constitution, in the political, religious, and moral position of those
who in nature stand the peers of each other? And not only do such
women suffer these ever-recurring indignities in daily life, but the
literature of the world proclaims their inferiority and divinely
decreed subjection in all history, sacred and profane, in science,
philosophy, poetry, and song.

And here is the secret of the infinite sadness of women of genius; of
their dissatisfaction with life, in exact proportion to their
development. A woman who occupies the same realm of thought with man,
who can explore with him the depths of science, comprehend the steps
of progress through the long past and prophesy those of the momentous
future, must ever be surprised and aggravated with his assumptions of
headship and superiority, a superiority she never concedes, an
authority she utterly repudiates. Words can not describe the
indignation, the humiliation a proud woman feels for her sex in
disfranchisement.

In a republic where all are declared equal an ostracised class of one
half of the people, on the ground of a distinction founded in nature,
is an anomalous position, as harassing to its victims as it is unjust,
and as contradictory as it is unsafe to the fundamental principles of
a free government. When we remember that out of this degraded
political status, spring all the special wrongs that have blocked
woman's success in the world of work, and degraded her labor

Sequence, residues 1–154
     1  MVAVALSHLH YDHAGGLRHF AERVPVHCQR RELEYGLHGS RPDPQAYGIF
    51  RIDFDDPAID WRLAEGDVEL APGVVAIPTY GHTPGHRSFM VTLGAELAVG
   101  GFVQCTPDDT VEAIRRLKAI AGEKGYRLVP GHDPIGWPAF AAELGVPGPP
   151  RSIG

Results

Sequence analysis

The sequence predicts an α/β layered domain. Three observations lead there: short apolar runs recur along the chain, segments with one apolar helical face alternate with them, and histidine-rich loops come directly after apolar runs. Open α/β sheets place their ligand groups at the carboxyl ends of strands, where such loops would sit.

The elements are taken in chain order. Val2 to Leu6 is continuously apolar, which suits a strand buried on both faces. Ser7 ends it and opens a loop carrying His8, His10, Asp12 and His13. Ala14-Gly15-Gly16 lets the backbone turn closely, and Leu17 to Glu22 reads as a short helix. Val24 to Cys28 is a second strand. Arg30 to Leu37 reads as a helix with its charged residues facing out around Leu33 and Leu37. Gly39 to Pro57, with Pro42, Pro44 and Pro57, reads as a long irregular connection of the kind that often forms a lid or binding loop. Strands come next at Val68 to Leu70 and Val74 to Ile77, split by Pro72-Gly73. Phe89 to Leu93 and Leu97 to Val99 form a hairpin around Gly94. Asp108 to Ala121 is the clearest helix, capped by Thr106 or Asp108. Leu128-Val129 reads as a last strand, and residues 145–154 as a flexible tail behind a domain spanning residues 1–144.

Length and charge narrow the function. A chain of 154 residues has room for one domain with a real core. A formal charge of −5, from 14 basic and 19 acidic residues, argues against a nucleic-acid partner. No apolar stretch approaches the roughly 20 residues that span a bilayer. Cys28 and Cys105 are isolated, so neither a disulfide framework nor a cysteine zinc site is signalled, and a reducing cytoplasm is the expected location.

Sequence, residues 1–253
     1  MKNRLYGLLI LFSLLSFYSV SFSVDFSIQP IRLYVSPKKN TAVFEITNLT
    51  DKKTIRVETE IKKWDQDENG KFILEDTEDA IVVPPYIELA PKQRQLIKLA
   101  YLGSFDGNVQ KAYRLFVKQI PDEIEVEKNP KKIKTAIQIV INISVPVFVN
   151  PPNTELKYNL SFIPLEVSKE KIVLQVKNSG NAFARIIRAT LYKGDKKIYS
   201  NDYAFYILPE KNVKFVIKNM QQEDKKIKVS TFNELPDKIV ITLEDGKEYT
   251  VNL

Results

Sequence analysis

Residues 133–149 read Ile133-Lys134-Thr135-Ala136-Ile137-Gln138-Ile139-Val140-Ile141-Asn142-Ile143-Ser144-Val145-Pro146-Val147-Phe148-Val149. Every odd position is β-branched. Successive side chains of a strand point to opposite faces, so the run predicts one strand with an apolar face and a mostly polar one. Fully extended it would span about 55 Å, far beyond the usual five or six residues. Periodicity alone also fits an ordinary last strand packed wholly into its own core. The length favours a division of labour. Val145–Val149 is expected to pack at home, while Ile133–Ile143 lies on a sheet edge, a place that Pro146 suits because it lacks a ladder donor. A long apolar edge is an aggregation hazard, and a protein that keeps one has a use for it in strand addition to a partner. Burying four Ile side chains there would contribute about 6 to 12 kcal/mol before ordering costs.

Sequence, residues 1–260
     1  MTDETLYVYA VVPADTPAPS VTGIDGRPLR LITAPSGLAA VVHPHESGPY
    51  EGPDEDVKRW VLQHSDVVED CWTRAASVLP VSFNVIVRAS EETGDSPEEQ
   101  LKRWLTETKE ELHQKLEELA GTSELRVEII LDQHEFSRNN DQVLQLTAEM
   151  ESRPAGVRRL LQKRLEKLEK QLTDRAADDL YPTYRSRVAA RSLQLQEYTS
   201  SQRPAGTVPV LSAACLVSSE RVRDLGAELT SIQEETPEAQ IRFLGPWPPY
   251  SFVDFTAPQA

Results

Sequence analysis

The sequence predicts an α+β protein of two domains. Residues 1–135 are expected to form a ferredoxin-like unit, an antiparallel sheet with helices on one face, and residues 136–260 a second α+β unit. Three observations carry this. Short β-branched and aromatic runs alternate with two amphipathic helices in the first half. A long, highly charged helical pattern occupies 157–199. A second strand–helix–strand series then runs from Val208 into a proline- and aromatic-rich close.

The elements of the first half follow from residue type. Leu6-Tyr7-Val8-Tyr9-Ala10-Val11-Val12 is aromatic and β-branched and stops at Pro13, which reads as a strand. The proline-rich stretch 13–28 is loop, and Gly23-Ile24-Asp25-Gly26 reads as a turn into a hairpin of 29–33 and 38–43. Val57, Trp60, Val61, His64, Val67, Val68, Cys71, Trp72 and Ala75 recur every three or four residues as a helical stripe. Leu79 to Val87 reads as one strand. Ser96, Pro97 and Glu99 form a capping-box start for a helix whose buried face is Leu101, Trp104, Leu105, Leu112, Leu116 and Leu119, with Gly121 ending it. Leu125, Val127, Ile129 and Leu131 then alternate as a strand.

everywhere to one half its value; closed to her the college doors and
all opportunities for higher education, forbade her to practice in the
professions, made her a cipher in the church, and her sex, her
motherhood a curse in all religions; her subjection a text for bibles,
a target for the priesthood; seeing all this, we wonder now as then at
the indifference and injustice of our best men when the first
opportunity offered in which the women of any State might have secured
their enfranchisement.

It was not from ignorance of the unequal laws, and false public
sentiment against woman, that our best men stood silent in this Kansas
campaign; it was not from lack of chivalry that they thundered forth
no protests, when they saw noble women, who had been foremost in every
reform, hounded through the State by foul mouthed politicians; it was
not from lack of money and power, of eloquence of pen and tongue, nor
of an intellectual conviction that our cause was just, that they came
not to the rescue, but because in their heart of hearts they did not
grasp the imperative necessity of woman's demand for that protection
which the ballot alone can give; they did not feel for _her_ the
degradation of disfranchisement.

The fact of their silence deeply grieved us, but the philosophy of
their indifference we thoroughly comprehended for the first time and
saw as never before, that only from woman's standpoint could the
battle be successfully fought, and victory secured. "It is wonderful,"
says Swift, "with what patience some folks can endure the sufferings
of others." Our liberal men counseled us to silence during the war,
and we were silent on our own wrongs; they counseled us again to
silence in Kansas and New York, lest we should defeat "negro
suffrage," and threatened if we were not, we might fight the battle
alone. We chose the latter, and were defeated.